A Good Place by Graham Buchan

This is the thing. I don’t want you to think I’m weird or anything. I’m a pretty normal bloke. I’ve got a wife, a dog, two lads growing up. The older one, Sean, got into a bit of trouble. He was found smoking marijuana at school. He received a very stern reprimand, which was only right. The police were called but he was let off with a warning. But he’s a pretty good lad. So is the younger one, Lionel. He’s the quiet one. But they’re both good lads.

 

Anyway, I think I’m pretty normal. But here’s the thing. When I’m walking along, say in a rural area – well, obviously I live in London, so rural areas aren’t exactly what we have, but, as an example, quite close to us is what they call a city farm. It’s not a proper farm; it doesn’t have combine harvesters or receive European subsidies, but it is a farm in the sense that it has farm animals – there’s cows, sheep, some goats, some chickens. It’s run by a sort of committee: local people who managed to take over the land and run it. I suppose its main benefit is educational: it lets the city kids get an idea of nature and stuff. Anyway, it’s spread over quite a large area, several acres I expect, so there’s bits of field, meadows, wooded bits, all sorts, all within the city. It’s brilliant when you think about it. Anyway it’s completely open to the public, so you get people strolling around and enjoying it. So here’s the thing. I’ve been walking around there on occasions, sometimes with the dog, sometimes not, and I have thought, occasionally, looking at a dense area of trees and shrubbery and so on, I’ve sometimes thought to myself, that’s probably a good place to hide a body. I’ve just thought it to myself: put a body deep in there somewhere, and it probably wouldn’t be found. Not for a while anyway.

 

Don’t get me wrong. I’m not a murderer or anything. Nothing peculiar. I’m not planning to bump somebody off. But that’s what I’ve thought sometimes: that that would be a good place.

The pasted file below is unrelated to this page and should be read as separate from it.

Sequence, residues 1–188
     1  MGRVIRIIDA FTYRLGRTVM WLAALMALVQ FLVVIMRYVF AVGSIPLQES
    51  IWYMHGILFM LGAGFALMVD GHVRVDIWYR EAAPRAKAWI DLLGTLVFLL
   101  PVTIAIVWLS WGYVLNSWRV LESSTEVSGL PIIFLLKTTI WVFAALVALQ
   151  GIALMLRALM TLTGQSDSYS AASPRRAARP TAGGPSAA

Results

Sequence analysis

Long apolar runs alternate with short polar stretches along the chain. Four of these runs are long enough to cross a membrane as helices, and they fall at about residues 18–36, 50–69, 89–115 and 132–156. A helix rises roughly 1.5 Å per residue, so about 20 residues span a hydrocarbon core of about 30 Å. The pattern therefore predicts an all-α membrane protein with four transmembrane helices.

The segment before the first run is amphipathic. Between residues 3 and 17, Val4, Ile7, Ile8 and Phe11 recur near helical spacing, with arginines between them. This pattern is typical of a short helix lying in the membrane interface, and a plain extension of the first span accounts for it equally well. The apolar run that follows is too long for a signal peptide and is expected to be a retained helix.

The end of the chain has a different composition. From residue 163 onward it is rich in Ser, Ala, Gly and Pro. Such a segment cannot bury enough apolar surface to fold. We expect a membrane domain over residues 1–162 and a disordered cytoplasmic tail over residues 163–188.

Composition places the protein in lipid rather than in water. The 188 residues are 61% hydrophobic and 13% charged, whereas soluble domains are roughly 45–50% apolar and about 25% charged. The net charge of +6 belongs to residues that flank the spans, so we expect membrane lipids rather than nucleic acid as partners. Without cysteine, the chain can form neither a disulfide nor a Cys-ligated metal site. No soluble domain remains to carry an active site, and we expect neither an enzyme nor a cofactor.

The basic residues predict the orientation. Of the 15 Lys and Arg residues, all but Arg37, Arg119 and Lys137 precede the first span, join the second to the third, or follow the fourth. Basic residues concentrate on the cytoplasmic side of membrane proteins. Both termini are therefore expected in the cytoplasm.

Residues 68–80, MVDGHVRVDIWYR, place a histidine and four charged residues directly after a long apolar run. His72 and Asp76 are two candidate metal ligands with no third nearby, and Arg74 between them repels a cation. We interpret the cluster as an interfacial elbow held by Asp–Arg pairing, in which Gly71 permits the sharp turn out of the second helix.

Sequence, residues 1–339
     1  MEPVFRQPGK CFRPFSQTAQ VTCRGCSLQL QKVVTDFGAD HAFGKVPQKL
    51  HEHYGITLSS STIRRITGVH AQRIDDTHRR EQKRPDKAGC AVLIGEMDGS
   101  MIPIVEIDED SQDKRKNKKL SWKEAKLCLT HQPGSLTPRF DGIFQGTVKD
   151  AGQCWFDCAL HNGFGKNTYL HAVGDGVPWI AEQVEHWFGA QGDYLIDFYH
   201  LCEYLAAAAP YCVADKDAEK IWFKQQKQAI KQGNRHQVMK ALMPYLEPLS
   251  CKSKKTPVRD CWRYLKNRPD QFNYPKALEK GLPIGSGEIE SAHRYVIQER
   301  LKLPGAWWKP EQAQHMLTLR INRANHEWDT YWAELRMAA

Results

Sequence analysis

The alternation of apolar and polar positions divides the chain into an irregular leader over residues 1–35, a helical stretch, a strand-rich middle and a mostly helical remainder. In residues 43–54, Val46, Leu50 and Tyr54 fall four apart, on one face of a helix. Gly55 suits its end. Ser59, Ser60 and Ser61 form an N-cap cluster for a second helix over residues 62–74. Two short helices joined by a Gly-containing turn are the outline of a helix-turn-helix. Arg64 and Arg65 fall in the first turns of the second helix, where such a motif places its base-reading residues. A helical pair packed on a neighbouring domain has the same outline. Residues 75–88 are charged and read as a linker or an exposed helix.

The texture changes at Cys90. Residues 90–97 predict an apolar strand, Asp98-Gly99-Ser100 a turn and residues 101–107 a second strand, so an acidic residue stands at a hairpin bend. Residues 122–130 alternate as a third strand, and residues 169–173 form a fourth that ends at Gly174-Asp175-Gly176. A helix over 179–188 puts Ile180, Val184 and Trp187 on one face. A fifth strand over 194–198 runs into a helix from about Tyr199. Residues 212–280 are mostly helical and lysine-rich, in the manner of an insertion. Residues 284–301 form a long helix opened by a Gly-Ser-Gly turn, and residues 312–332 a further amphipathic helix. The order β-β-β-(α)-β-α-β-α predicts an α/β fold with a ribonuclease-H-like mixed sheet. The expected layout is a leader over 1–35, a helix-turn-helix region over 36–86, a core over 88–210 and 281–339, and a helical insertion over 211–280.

Also, sometimes in the car. Like sometimes you leave a motorway and the slip road curls right round and you go back under the road you left, and for the whole junction there’s four of these slip roads, so that from above you would see four of these loops. They call them cloverleaf junctions. Well, each of those loops basically encloses wasteland, and it’s usually untended, so it’s just very long grasses and shrubs. I’ve thought that could also be a good place to hide a body. Because you’re not going to get any ramblers exploring the inside of a motorway junction. No-one ever goes there, except occasionally I suppose, someone is sent to cut the grass back, but not often. Of course to dump a body there would be difficult. You’d have to stop the car for at least a few minutes, and that would be dangerous. No-one would stop a car there unless they had broken down. You’d have to do it at the dead of night and hope no-one else came by. No patrols or anything. And you’d have to be pretty quick, so you couldn’t be too fussy about where you left it, the body. And of course there’s the possibility of cameras. I mean it’s amazing how many there are, everywhere. I’m not sure if every motorway junction has cameras but obviously a lot of them do. You’d have to do a proper recce.

 

I’ll tell you. I got a parking ticket once which was really unjust. I was five minutes over. I even saw the traffic warden further down the street and I went after him to remonstrate. I explained I had been visiting Mary in hospital, my wife was in hospital, but of course they are trained not to enter into any kind of reasoning with you. They’re like nasty fascist automatons. It was really annoying. Being a city hospital, there was obviously no hospital car park, or just a tiny one which charged exorbitantly, so I had found a pay-and-display place and put in an hour and a half’s worth of money which should have been plenty. But the doctor looking after Mary collared me just as I was preparing to go, and – he was very well-meaning, very attentive, and explained her condition and everything – but he went on a bit, so that when I finally got away I knew I was a bit iffy on the time, but I thought I’d still be alright, but no, there was the bloody ticket, and I wouldn’t mind betting that the wardens even wait around for your time to run out, after all they are on bonuses, and of course the councils just want to soak up whatever they can out of you. So I was really upset. I appealed against the ticket, thinking - I suppose naïvely – that someone would have a bit of compassion, a bit of common sense, but no, I didn’t win the appeal, and that was eighty quid down the drain.